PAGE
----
After Kaiser Konrad III built the original Kaiserburg, it was reshaped later many times and greatly expanded by the next emperor, Friedrich Barbarossa (Friedrich I, 1152 – 1190). The sandstone-building with its double chapel (Doppelkapelle) from the 12th century is the most important monument in the castle and was built by Friedrich Barbarossa in the second building phase. The chapel has a bright upstairs room and a dark downstairs room connected by an open space in the center. The upper room was for the Kaiser and members of the royal family while the lower room was for the common people. This arrangement is a good example of the hierarchical structure of the Teutonic peoples. The concept of a fortified castle, designed to protect the King from his people, was a Teutonic invention; during the same period in history, the Irish and Scottish Kings lived among their people and did not have castles for protection until this idea was introduced by the Teutonic Normans.

During the reign of Emperor Friedrich III in the 15th century (1440 – 1493) the old Staufer Palas and the ladies’ apartments were replaced by new late-gothic buildings. Also the Knights’ Hall and the powerful Simwellturm (round tower) come from this time. The Emperor stables (Kaiserstallung) were constructed in 1495. This grain storage building served for keeping the horses, when the emperor visited Nuremberg and the Reichstag (parliament) met. Emperor Charles V had a loaf of bread baked from grain in storage there for over 180 years. Today it serves as a youth hostel.

A framework wellhouse (Brunnenhaus) encloses the Deep Well (Tiefer Brunnen). This well was vital during sieges and in the 12th century had already been dug 50 meters deep into the sandstone rock to protect the drinking-water supply. Today it still holds up to 3m of water. The wellhouse is situated in the inner ward of the Emperor castle.

The Hohenzollern family, a family of European rulers, were counts of the Burggrafenveste from 1192. By using their court- and sovereign-rights, they were able to extend their sphere of influence around Nuremberg in the 13th century. This way the power of the emperor in Nuremberg weakened, although the sovereignty over the Emperor Castle remained in the hands of the Emperor. The building of a watchtower in front of the Burggrafenveste led to a war that ended with an occupation of the Burggrafenveste. In 1420 the Burggrafenveste was destroyed by a fire assault. From the Burggrafenveste only the keep, the so-called pentagon tower (Fünfeckturm), stands today and is the oldest building in the city.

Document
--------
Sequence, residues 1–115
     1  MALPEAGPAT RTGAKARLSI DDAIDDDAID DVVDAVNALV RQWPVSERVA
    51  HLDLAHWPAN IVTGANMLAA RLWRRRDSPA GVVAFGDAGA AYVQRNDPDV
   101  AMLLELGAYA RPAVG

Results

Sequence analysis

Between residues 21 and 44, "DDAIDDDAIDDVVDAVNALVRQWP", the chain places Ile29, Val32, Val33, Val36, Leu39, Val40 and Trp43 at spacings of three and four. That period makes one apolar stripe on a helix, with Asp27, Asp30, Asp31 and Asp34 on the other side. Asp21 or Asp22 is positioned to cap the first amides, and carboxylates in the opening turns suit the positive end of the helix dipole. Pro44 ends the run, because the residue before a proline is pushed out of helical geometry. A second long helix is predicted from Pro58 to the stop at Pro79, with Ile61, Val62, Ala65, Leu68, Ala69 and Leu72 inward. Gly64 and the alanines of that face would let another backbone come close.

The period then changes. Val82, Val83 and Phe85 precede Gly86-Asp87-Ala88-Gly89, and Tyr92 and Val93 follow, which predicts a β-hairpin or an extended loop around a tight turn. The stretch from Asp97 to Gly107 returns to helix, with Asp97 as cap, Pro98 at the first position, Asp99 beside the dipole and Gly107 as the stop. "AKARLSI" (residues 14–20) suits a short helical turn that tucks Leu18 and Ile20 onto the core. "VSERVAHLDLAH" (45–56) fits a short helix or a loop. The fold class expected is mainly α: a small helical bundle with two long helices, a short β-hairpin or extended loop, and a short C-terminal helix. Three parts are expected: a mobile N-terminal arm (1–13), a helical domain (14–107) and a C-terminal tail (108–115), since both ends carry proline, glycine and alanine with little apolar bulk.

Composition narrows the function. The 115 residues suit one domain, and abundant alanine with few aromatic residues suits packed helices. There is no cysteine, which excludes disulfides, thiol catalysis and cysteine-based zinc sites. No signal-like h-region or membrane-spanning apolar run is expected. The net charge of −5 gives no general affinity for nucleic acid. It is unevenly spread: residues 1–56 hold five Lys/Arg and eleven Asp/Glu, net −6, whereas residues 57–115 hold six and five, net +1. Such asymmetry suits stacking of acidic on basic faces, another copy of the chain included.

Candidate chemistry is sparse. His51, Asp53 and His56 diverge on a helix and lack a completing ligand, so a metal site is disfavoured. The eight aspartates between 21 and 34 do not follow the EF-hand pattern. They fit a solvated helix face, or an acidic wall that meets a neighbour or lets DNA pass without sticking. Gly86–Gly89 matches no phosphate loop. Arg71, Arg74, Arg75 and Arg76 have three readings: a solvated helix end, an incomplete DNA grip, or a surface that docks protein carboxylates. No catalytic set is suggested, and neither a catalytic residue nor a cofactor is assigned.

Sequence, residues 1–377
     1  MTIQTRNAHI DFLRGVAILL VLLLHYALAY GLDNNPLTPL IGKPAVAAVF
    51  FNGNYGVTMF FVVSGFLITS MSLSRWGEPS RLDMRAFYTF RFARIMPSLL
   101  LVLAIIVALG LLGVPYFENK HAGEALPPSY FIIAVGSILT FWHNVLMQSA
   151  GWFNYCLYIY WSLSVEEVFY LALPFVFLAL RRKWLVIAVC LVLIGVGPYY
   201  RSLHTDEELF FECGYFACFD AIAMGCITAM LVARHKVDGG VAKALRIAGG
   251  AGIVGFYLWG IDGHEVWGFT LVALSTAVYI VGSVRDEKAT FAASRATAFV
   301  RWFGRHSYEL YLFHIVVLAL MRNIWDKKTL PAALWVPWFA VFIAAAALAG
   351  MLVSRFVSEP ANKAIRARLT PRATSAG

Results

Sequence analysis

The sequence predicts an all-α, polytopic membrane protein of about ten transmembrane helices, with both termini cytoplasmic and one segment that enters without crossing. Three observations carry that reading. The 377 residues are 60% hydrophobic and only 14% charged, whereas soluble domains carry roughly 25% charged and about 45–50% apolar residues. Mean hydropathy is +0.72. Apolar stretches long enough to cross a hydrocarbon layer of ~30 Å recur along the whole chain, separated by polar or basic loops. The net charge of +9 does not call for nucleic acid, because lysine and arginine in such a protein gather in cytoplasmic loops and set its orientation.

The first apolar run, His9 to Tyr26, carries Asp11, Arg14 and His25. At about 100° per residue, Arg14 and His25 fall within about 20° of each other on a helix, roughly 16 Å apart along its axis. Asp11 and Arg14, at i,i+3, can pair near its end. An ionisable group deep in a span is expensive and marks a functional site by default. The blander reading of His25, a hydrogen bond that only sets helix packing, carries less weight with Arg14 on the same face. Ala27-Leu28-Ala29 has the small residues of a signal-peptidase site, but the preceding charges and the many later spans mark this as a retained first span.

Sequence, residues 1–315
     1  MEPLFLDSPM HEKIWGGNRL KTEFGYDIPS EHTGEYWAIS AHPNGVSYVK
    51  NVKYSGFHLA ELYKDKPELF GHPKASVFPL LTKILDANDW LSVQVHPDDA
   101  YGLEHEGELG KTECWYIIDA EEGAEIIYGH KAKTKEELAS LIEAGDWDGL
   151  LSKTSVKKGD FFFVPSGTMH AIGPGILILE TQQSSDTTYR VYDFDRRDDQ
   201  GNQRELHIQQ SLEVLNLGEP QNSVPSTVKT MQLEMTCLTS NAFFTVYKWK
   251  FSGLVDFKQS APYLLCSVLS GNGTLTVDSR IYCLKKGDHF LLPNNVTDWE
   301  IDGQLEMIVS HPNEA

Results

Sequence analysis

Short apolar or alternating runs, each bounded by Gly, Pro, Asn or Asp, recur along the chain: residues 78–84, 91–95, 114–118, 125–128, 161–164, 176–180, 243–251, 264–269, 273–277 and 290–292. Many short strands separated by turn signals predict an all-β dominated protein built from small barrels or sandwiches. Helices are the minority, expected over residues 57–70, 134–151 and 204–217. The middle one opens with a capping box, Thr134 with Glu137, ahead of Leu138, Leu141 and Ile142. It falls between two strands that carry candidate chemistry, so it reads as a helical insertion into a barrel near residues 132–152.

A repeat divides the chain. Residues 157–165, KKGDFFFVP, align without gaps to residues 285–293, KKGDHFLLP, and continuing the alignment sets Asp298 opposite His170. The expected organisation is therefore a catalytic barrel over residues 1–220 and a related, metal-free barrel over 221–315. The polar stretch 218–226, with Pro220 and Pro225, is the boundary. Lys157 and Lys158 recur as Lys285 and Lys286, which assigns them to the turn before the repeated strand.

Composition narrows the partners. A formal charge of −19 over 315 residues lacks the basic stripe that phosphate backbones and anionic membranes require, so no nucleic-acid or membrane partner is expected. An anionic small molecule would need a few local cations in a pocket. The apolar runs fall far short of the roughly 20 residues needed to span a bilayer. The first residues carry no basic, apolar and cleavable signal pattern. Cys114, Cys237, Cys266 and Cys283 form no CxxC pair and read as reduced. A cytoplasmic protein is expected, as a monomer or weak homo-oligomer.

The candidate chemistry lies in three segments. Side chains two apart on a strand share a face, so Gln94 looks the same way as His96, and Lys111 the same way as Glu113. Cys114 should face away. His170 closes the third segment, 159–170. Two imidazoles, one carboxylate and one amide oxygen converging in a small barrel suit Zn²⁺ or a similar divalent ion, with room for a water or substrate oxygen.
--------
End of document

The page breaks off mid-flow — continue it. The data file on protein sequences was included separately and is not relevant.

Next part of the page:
By 1427, the Hohenzollerns moved their main residence from Nuremberg to the “Mark Brandenburg” and the ruin of the Burggrafenveste was sold by Count Friedrich I to the city of Nuremberg. This is where the Emperor Stables were build.

Between 1495 and 1525, a period of prosperity, political power and the atmosphere of intellectual and artistical advance made Nuremberg one of Europe’s leading metropolis.The Reformation in 1525 marked an important point in Nuremberg’s history. A dispute between the catholic “Kaiserhaus” and the now reformed city of Nuremberg erupted.

During the Thirty Year’s War two military commanders, Wallenstein and the Swedish Gustav Adolf fought in 1632 one of the bloodiest battles at Nuremberg. The war left Nuremberg highly in debt and with a decimated population. In the 18th century the pressure of high taxes and the many customs barriers of the surrounding territories paralysed the economic development and, additionally, Prussia and Bavaria occupied rural areas of the city. After 1796 French troops occupied Nuremberg several times. In 1806 Nuremberg was annexed by the kingdom of Bavaria. Nuremberg was deprived of all its political powers and became a meaningless city.

The increasing interest in the romanticism of German castles led, in the year 1834, firstly to repair and then reconstruction of the decaying castle by Karl Alexander Heideloff. A thorough restoration through the Bavarian Castle Administration by Rudolf Esterer started in 1934. In 1933 Nuremberg became the city of the so called “Reichsparteitage”, meetings that were held by the Nazi-regime under Adolf Hitler with the intention of reviving the Imperial days but in a modern form.

Thirty-eight air attacks on Nuremberg in the Second World War destroyed 90% of the historical buildings and 40% of the whole city and made Nuremberg one of the most badly damaged cities in Germany.

The castle was heavily damaged, with only the chapel, parts of the Palas as well as the most important towers surviving. It was rebuilt to the previous plans and houses today a branch of the German National Museum. By 1950 most of the war damage to the castle was removed.

Write-up provided by Hanarky. Pictures courtesy of Scrapbook Pages